Now, the said gentleman, whose name it was afterwards learned was James Dunbar, cadie to the first guard,retired to the Links before the guard came. This suggests that the street may not have been far from the east side of the town, and that possibly the retreat to the Links was made by the wicket gate of Links Lane. The Wall of Leith passed up by the site of Constitution Street towards the foot of Leith Walk, and a little imagination may fix this episode either in the vicinity of the Kirkgate itself or near to the exit from the town to the Links which must have existed at Charlotte Street.
What followed is of equal interest. The emissaries of the session seemed compelled to confine their operations within the town. When the gentleman reached the Links be fore ye guard came,it was found that there were a great many people vageing (stravaguing whom it was impossible for us to command, so we did forbeare pursuing him any
The Churchs writ,apparently. did not run in the Links -in 1708, and there were even in that day a great many people too many, in short, for the Church to command
Who instead of attending sermons, were stravaguing on the Links, just as they stravague nowadays to Aherdour steamers, to the pier of Leith, to a pleasant Sunday after noon concerts either in churches or around Bailie Manclarks Bandstand. Truly and after all, the Sabbath question has not got very much further forward in 204 years.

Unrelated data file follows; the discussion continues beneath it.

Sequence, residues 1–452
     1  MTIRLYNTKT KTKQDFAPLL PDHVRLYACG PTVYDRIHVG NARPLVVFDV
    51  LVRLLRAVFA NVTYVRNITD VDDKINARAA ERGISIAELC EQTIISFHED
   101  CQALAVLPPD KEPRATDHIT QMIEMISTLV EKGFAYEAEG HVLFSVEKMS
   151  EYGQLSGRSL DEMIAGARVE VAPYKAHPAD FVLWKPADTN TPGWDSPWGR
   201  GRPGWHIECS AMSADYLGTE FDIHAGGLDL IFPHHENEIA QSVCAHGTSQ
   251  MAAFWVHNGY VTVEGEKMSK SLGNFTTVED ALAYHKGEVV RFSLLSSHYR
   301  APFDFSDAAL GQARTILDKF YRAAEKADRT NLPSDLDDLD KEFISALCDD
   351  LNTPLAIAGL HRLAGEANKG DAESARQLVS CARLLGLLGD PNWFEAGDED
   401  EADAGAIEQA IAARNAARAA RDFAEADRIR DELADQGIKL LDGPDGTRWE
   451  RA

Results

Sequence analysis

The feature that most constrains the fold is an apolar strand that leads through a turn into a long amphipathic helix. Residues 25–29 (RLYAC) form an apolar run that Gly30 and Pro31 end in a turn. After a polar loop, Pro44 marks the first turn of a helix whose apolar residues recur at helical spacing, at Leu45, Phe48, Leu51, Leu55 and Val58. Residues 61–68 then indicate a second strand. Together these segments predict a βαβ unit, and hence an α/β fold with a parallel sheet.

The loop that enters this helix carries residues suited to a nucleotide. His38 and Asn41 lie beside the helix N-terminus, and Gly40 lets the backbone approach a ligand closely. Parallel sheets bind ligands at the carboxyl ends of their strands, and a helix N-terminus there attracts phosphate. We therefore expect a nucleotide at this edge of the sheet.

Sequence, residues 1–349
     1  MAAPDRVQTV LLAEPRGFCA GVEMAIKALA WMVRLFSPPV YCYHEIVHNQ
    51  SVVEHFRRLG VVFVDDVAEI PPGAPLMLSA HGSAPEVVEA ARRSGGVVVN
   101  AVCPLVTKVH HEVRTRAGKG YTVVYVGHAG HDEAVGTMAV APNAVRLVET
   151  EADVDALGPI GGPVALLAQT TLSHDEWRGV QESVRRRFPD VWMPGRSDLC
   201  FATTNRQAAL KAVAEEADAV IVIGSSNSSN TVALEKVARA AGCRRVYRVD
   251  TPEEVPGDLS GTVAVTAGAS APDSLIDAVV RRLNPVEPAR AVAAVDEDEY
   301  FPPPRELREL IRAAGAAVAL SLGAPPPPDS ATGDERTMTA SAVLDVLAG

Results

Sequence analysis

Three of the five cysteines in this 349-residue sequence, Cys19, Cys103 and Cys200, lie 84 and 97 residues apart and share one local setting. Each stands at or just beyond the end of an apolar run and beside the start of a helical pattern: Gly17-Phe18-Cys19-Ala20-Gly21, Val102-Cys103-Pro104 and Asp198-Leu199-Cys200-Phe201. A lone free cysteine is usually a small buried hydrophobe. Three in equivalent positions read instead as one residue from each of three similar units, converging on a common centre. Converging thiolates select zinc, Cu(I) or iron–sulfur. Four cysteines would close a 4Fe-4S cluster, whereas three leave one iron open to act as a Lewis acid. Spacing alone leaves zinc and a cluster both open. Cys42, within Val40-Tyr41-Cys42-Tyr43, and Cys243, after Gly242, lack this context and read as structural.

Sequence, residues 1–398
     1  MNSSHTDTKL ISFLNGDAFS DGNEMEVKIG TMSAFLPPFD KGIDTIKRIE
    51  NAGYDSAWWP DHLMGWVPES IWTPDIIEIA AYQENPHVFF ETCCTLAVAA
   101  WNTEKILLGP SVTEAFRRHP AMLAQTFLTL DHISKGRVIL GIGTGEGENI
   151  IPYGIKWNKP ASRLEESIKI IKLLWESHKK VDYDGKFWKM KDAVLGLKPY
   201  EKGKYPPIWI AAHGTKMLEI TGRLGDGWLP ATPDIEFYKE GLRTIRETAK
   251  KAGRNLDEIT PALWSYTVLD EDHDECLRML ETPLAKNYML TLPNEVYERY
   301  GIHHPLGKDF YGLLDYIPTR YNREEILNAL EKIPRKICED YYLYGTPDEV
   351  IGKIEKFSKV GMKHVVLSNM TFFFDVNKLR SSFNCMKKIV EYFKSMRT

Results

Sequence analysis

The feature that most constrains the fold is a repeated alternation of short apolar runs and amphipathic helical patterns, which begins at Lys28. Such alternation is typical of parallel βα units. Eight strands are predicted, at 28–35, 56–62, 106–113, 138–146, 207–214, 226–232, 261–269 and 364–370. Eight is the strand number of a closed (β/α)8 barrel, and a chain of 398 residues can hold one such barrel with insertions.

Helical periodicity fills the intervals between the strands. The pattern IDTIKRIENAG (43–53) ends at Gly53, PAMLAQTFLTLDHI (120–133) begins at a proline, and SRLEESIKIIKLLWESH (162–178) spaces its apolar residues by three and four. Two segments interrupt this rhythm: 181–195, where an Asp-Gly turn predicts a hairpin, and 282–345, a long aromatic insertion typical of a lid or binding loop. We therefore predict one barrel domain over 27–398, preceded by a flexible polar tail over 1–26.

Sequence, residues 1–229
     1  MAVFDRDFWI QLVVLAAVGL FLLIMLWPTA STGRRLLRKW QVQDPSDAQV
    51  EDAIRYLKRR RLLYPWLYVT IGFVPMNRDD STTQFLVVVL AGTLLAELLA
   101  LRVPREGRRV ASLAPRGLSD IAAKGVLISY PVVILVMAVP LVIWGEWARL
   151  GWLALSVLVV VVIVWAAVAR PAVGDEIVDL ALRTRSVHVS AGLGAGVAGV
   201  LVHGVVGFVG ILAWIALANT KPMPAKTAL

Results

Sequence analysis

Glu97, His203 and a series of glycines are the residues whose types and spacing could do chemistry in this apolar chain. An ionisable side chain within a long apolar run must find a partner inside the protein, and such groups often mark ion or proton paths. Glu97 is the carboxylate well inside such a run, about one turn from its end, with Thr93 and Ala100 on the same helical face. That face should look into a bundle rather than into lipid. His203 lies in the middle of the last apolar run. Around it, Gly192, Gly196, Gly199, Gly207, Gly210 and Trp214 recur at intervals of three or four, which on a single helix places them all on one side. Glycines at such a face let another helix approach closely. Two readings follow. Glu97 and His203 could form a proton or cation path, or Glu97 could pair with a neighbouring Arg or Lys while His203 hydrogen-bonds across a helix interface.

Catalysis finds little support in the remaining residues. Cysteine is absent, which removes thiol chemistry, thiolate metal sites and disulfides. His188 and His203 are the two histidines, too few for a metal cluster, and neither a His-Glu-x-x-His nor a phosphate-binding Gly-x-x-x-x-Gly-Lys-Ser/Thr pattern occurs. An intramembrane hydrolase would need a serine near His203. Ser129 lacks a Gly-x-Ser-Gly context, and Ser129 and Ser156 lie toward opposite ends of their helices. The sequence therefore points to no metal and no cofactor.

Having been foiled in their attempt to arrest the cadie of the First Guards, the emissaries of the Kirk Session turned their attention to smaller game. The Session minute proceeds to relate that several of the Duke of Argyles servants and grooms, who were waiting on their masters horses, came out and saw the incident of the attempt to arrest Dunbar, and seemed to have been delighted with his courage in drawing on the officers One of them, more aggressive and insolent then his fellows, seems to have quite gratuitously bawled out his opinion that the gentleman had done well. He then the poor fellow was perhaps only a trooper, and was most familiar with the trooper language of his time in the hearing of them all, expressed the utmost indifference as to whether he might be condemned to perdition or not, but was quite sure that if any man should order him to go to church, or challenge him (the brave trooper perhaps Sunday closing was not in force in 1703) in such a fashion, lie (being a bold trooper in the pay of the great Duke of Argyll), would run him through.